Friday, January 26, 2007

TFH 1/26: Audie L. Murphy

My first source of honorees for "Their Finest Hour" is Medal of Honor citations. Today's installment of TFH deals with an individual who needs no introduction: Audie L. Murphy, the most decorated U.S. Soldier in World War II. He enlisted in the Army when he was underage, fought with incredible courage, and later became a movie star. Audie L. Murphy was tragically taken from us before his time on May 28, 1971 in a plane crash at age 46.


He was awarded the Medal of Honor, the Distinguished Service Cross, the Silver Star Medal (2), the Legion of Merit, the Bronze Star Medal (2), three Purple Heart Medals for wounds received in action. Words I could write about his valor wouldn't do him justice, so I'll just post in its entirety his Medal of Honor citation:
Second Lieutenant Audie L. Murphy, 01692509, 15th Infantry, Army of the United
States, on 26 January 1945, near Holtzwihr, France, commanded Company B, which
was attacked by six tanks and waves of infantry. Lieutenant Murphy ordered his
men to withdraw to a prepared position in a woods while he remained forward at
his command post and continued to give fire directions to the artillery by
telephone. Behind him to his right one of our tank destroyers received a direct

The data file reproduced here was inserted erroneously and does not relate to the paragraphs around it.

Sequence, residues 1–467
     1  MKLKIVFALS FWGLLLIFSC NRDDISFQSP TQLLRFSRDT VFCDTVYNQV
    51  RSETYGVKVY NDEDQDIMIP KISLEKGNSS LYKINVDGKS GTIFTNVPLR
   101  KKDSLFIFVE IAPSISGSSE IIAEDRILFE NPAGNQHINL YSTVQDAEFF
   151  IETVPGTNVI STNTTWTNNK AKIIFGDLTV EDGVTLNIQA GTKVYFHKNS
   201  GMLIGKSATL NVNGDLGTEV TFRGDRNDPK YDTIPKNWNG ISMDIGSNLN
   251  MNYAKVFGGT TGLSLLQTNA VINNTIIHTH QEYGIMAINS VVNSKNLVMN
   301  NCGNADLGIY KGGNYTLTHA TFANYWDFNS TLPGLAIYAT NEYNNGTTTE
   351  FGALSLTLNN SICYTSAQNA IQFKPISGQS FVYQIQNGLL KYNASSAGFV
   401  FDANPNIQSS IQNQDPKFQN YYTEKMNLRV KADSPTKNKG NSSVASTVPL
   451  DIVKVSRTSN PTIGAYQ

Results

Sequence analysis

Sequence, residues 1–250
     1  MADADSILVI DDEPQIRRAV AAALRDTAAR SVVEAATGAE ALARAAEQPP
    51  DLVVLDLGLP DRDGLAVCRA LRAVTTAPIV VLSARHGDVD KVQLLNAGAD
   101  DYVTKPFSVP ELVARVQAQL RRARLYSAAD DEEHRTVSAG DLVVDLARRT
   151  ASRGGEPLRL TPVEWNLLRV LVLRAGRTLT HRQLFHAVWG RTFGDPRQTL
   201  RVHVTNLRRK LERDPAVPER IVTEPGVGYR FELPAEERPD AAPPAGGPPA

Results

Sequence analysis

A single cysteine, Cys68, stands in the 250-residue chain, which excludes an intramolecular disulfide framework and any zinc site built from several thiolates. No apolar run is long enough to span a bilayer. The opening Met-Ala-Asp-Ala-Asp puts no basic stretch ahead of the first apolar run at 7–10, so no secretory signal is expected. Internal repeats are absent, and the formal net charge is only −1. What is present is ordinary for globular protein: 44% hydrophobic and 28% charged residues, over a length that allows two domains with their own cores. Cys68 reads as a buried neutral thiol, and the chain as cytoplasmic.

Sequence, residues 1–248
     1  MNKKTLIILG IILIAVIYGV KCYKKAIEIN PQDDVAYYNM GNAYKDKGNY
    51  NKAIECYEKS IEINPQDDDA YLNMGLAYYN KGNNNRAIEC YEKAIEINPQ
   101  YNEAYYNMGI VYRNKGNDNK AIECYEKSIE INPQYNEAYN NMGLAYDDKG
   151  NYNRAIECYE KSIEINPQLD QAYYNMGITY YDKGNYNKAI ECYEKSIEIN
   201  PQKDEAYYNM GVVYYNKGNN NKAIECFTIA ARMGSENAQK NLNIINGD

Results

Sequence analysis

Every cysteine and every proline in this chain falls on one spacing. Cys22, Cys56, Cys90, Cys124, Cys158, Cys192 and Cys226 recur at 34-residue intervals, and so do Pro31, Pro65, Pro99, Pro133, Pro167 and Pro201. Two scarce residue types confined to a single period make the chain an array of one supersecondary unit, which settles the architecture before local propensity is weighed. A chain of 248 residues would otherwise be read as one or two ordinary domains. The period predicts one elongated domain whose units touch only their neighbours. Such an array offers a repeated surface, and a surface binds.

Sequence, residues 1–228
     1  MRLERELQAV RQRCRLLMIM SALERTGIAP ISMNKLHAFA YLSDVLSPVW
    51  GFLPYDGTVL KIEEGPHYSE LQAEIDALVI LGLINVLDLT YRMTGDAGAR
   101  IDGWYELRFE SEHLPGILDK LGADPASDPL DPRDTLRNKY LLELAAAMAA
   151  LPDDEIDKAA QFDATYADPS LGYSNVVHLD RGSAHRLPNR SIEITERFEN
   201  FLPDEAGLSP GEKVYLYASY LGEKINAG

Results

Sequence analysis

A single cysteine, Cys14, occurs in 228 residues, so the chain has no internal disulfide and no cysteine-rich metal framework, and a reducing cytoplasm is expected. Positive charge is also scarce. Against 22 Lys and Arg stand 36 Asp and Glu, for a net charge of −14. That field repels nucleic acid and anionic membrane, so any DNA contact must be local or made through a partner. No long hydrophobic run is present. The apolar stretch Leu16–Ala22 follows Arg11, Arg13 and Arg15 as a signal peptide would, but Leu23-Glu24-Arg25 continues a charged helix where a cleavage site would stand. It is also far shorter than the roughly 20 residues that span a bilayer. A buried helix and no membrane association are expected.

hit and began to burn. Its crew withdrew to the woods. Lieutenant Murphy
continued to direct artillery fire which killed large numbers of the advancing
enemy infantry. With the enemy tanks abreast of his position, Lieutenant Murphy
climbed on the burning tank destroyer which was in danger of blowing up any
instant and employed its .50 caliber machine gun against the enemy. He was alone
and exposed to the German fire from three sides, but his deadly fire killed
dozens of Germans and caused their infantry attack to waver. The enemy tanks,
losing infantry support, began to fall back. For an hour the Germans tried every
available weapon to eliminate Lieutenant Murphy, but he continued to hold his
position and wiped out a squad which was trying to creep up unnoticed on his
right flank. Germans reached as close as 10 yards only to be mowed down by his
fire. He received a leg wound but ignored it and continued the single-handed
fight until his ammunition was exhausted. He then made his way to his company,
refused medical attention, and organized the company in a counterattack which
forced the Germans to withdraw. His directing of artillery fire wiped out many
of the enemy; he personally killed or wounded about 50. Lieutenant Murphy's
indomitable courage and his refusal to give an inch of ground saved his company
from possible encirclement and destruction and enabled it to hold the woods
which had been the enemy's objective.



Image from Wikipedia

Audie L. Murphy: January 26, 1944 near Holtzwihr, France - conduct above and beyond the call of duty in the face of enemies of freedom - was your finest hour!

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